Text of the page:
H2B visa program legislation introduced in both houses of Congress

By: Tom LaMarra

Posted: April 1, 2017

Two bills that would temporarily reinstate the H2B visa temporary worker program have been introduced recently in the United States Senate and House of Representatives.

The legislation would amend the Immigration and Nationality Act to allow for more workers to enter the U.S. The Senate bill would “establish an H2B temporary non-agricultural work visa program,” while the House measure states it would “reinstate the returning workers’ exemption for H2B visas.”

The Senate bill (792), introduced March 30, and House bill (1627), introduced March 20, were sent to their respective Judiciary committees. Their fate is uncertain given the Trump administration’s desire for broad immigration reform.

The H2B visa program has an annual cap of 66,000 visas. Qualified workers who complied with previous visa requirements and worked in the program during one of the preceding three years had been excluded from the cap via the returning worker provision, but Congress failed to extend that program late last year.

The situation has obvious consequences for Thoroughbred racing, which relies heavily on foreign workers.

Janet Ritchey, wife of trainer Tim Ritchey who serves as a board member and treasurer of the Delaware Thoroughbred Horsemen’s Association, said many have been shut out of the visa program this year, including her husband’s stable. Janet Ritchey for years has handled the stable’s H2B visas rather than going through an attorney and has first-hand knowledge of the process.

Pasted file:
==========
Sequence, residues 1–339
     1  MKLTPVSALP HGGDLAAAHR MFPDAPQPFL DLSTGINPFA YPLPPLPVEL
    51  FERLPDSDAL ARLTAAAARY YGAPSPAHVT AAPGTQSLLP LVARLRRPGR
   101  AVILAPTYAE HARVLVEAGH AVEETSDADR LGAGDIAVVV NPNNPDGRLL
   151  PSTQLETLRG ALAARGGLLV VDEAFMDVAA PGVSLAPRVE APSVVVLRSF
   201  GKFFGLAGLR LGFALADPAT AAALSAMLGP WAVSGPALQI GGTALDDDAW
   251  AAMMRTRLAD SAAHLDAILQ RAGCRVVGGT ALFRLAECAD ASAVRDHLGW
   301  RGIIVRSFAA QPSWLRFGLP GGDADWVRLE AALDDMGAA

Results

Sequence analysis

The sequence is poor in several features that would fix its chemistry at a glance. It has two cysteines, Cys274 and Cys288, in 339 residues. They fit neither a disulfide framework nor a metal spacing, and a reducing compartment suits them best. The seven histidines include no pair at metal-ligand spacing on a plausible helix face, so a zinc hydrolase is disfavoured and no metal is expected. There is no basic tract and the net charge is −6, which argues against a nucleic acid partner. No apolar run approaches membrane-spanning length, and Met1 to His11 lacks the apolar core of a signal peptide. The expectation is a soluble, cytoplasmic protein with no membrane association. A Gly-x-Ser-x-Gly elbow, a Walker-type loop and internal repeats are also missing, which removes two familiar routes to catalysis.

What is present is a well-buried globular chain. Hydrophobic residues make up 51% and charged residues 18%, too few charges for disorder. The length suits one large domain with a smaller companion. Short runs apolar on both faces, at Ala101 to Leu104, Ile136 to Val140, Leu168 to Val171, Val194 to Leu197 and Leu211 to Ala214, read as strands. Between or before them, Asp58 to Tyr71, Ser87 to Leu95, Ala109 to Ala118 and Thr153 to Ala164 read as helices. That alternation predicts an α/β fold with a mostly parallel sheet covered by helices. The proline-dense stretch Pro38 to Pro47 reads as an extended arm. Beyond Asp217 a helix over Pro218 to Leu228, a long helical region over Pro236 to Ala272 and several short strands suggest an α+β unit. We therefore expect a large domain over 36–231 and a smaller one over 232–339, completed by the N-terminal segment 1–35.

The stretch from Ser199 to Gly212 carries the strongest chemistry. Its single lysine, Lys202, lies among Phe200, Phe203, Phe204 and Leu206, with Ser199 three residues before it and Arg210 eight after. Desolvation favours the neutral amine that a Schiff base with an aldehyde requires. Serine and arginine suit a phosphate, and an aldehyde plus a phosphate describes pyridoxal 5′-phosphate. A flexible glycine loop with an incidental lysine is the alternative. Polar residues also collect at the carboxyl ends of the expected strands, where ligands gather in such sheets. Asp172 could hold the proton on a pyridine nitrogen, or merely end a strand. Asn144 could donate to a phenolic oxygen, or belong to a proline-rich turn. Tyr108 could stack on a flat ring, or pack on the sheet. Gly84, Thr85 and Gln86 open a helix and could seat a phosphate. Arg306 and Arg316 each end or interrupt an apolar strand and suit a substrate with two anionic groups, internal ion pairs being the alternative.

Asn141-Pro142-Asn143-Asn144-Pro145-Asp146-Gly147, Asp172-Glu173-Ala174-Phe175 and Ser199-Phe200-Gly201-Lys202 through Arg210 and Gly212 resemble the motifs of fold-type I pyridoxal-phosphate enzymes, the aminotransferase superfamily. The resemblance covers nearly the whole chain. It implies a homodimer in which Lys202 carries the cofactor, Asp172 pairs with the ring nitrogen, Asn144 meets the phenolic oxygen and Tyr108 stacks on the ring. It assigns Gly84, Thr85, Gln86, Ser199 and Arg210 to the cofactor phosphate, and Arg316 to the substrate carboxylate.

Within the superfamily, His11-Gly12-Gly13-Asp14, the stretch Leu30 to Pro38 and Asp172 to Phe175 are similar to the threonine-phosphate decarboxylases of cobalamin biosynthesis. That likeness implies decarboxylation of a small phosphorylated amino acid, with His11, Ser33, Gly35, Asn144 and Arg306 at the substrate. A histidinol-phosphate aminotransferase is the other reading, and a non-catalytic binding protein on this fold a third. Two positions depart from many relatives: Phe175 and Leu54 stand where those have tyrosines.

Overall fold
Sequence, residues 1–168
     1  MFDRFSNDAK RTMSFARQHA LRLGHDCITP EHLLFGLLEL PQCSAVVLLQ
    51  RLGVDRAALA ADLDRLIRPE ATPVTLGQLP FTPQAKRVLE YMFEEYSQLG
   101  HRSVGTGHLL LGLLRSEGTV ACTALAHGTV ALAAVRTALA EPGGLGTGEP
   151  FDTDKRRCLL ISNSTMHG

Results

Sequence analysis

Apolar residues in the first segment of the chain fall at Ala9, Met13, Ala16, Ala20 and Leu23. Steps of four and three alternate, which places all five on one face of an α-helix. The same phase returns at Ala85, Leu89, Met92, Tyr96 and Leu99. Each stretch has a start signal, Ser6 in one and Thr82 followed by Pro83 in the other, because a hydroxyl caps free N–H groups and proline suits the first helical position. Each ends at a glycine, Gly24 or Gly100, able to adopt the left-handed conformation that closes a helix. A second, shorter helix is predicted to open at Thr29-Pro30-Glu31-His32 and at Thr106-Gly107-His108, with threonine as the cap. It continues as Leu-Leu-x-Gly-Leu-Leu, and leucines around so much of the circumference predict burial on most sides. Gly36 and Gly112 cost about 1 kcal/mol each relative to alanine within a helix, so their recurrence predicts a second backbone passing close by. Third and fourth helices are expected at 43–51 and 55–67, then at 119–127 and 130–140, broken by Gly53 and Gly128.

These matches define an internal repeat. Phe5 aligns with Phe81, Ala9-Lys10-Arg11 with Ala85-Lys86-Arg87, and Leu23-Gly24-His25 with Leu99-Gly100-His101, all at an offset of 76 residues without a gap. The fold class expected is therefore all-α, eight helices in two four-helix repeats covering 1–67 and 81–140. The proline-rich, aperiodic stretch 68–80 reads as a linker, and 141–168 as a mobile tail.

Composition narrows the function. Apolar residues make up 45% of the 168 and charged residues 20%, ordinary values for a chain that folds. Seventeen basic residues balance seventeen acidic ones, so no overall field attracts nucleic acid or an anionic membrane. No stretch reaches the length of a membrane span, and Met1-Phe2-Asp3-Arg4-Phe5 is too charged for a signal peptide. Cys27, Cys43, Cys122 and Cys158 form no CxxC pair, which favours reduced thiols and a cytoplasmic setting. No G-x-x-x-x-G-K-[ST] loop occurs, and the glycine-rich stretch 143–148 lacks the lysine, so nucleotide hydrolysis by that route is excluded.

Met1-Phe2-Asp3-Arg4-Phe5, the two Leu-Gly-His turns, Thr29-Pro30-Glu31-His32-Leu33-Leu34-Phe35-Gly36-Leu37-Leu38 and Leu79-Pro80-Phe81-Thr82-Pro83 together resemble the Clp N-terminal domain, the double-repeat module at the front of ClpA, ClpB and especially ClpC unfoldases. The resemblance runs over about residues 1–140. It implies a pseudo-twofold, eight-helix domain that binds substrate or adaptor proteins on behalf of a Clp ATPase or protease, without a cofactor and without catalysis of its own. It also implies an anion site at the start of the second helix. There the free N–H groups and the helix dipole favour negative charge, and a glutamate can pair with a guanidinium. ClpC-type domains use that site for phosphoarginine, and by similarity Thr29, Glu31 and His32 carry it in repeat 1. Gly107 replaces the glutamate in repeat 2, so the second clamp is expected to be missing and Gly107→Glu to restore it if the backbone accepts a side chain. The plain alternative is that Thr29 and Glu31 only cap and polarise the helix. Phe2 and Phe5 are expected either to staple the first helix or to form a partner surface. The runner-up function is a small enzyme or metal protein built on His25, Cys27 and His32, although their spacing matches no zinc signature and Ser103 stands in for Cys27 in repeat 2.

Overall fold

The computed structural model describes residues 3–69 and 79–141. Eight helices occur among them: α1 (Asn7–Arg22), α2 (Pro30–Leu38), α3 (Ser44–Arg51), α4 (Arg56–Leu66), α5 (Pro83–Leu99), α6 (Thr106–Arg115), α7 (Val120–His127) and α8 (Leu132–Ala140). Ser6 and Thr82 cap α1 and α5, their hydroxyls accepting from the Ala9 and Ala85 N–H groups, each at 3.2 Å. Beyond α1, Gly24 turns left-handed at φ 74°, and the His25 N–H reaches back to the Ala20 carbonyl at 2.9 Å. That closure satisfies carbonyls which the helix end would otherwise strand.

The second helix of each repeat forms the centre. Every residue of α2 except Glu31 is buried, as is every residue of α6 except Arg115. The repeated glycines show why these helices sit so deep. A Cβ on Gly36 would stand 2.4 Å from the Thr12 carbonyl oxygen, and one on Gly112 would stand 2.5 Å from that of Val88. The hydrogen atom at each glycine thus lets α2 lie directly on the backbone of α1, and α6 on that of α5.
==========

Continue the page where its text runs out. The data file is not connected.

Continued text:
Ritchey said the 66,000 cap has been divided equally between the first six months of the year and the last six months. Applications were submitted to the U.S. Department of Labor in January, and by mid-January there were 82,000 applicants for 33,000 visas, she said.

“I kept going ahead with it thinking some would fall by the wayside, but by mid-March the website said it wasn’t taking anymore. I had applied for visas for people, and my four are now stuck in Mexico. As part of the process, we spent $1,500 on ads in local papers for American workers and posted positions on the state jobs website. We didn’t get one call.”

It’s not an uncommon experience for trainers who regularly need help in barn areas at numerous racetracks across the country.

“We’re not sure who will be available to be here (at Delaware Park, which opens for live racing June 3),” Ritchey said. “It’s going to be difficult. We provide our workers benefits, but we don’t like poaching people from other stables. And if help isn’t available, we don’t bring our horses in to the track.

“It’s a very frustrating situation when you try to do things the right way—legally.”

Ritchey said she can’t understand why individuals who work with horses at racetracks and training centers don’t fall under an “agriculture” designation when it comes to applying for work visas, because “horses are agriculture.” Horse farms, meanwhile, are able to attract workers under the much broader H2A visa program.

During a March 28 meeting in Delaware geared toward regulation and equine welfare in the Mid-Atlantic region and New York, U.S. Rep. Tom Rooney of Florida, who was a guest speaker, said there is a need to revamp visa programs. His district is known as a major producer of the nation’s oranges.

“Oranges aren’t going to pick themselves,” Rooney said of the need for immigrant workers in the state. “We’ve been assured that whatever visa program is requisite to a pertinent industry, (the administration) is not interested in hurting our economy in any way.”

Rooney also said, however, that the current climate in Washington, D.C., doesn’t lend itself to passage of just about any piece of legislation.